Book Review: Jackaby

Nov 6, 2015

Jackaby by William Ritter

I was excited to come across “Jackaby.” Not just because it’s an award winning, best-selling YA novel.

Not just because it’s – intriguingly – described by the publisher as Doctor Who meets Sherlock Holmes. But also because it’s always a joy to discover a new local writer. “Jackaby” is the debut novel by Will Ritter, a teacher at Thurston High in Springfield. And, with the release last month of a sequel, “Beastly Bones,” it looks like this is well on its way to becoming a new YA series.

As should be expected from an English teacher, the writing is excellent. Up in the night to care for his infant son, Ritter would lie awake, imagining this fantasy world of banshees, trolls, and shape-shifters. He has certainly recreated that dream-like, middle-of-the-night-feel in the 1892 New England setting.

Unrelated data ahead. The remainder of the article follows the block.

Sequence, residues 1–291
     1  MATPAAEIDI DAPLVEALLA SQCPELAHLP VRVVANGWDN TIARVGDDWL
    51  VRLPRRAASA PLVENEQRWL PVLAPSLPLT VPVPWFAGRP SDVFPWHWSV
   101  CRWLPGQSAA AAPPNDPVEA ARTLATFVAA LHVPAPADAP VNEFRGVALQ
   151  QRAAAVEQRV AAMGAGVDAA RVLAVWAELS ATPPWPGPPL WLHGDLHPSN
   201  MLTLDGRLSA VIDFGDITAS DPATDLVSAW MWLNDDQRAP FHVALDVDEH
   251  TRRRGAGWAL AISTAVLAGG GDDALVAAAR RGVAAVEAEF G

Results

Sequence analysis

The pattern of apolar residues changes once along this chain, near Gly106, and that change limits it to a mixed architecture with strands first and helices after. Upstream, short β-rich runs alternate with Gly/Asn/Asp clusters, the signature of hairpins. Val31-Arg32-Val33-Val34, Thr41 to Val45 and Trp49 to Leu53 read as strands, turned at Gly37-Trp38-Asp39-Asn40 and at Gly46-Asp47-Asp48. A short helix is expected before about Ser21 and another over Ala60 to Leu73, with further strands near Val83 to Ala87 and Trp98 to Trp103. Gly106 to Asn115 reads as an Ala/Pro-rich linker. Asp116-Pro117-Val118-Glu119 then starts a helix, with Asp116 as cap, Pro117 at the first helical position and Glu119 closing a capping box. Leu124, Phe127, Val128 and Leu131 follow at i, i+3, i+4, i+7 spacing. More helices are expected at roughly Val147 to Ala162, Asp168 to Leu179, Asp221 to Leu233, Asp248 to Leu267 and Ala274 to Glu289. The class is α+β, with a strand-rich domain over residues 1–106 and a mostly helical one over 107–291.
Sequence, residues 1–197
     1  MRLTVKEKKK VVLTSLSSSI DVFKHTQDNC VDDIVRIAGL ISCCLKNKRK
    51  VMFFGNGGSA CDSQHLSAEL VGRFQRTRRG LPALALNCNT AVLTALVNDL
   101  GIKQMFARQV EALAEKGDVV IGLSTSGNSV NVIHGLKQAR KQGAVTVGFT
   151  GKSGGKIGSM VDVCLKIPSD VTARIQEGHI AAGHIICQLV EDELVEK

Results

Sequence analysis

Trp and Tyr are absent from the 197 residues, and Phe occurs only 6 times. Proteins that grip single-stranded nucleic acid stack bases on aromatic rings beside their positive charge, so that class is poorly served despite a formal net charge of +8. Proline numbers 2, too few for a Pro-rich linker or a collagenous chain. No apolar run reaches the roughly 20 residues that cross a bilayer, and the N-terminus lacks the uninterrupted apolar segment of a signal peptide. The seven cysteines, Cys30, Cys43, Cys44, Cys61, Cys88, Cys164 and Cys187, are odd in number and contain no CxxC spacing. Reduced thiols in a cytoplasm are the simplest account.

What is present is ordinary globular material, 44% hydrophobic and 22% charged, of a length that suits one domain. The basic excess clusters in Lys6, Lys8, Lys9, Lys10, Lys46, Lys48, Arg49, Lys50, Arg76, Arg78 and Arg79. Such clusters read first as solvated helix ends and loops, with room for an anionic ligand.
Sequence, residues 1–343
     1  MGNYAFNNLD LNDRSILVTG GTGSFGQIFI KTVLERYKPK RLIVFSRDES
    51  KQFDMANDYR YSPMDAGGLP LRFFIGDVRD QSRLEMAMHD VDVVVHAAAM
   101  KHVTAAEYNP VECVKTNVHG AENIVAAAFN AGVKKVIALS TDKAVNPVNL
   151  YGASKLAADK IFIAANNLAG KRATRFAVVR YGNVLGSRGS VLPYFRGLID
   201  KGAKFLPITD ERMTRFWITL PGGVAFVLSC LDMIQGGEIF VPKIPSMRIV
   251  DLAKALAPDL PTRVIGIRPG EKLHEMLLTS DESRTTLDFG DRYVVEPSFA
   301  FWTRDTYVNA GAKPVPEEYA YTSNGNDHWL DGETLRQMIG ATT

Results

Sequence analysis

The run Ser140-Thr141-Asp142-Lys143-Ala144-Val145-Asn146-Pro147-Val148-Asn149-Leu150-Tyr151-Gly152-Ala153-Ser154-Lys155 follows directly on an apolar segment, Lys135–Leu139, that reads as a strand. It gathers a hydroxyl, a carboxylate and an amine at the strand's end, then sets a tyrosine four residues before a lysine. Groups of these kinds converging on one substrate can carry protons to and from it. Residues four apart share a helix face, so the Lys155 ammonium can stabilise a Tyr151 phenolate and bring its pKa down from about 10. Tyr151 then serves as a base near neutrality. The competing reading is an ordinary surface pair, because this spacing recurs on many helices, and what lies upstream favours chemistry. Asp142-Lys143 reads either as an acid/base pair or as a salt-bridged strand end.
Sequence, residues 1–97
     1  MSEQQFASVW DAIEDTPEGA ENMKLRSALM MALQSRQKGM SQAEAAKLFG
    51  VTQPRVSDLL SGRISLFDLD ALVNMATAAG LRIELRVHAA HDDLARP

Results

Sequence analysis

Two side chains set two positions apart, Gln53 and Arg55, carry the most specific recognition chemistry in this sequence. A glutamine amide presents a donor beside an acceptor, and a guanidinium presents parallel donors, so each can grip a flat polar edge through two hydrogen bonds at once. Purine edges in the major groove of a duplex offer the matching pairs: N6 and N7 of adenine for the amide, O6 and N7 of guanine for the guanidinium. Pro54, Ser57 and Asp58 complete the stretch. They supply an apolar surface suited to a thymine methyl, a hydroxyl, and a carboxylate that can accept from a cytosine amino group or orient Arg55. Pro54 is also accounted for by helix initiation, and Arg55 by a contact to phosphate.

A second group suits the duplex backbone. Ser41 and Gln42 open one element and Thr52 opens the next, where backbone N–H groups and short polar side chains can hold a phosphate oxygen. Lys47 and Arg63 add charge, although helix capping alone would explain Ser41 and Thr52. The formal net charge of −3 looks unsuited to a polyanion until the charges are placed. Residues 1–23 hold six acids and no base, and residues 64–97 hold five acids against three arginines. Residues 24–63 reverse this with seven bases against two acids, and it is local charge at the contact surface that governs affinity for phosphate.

The book is surprisingly light – and light hearted – for a murder mystery. Our first-person narrator is Abigail Rook, a young woman in search of adventure. When she meet detective R. F. Jackaby, Abigail quickly talks her way into a job as his Watson-like assistant. Jackaby is funnier and quirkier than Sherlock, less cerebral. His primary detective skill is an ability to see and track the supernatural. Abigail is a charming narrator, both cheeky and observant, while also being sufficiently befuddled. And the secondary characters are well developed, including a resident ghost and a human-sized duck.

Though the mystery in the book seemed simplistic, especially when compared to Holmes, I found “Jackaby” a promising beginning and I especially enjoyed the humor. Often the first book of a series is so busy setting up the characters and conventions of a new world that the plot is a little anemic. Perhaps the next book, touted by the Chicago Tribune as a cross between Sherlock and Buffy the Vampire Slayer, will fulfill Ritter’s potential.

This is KLCC. I’m Connie Bennett, reviewing "Jackaby” by William Ritter.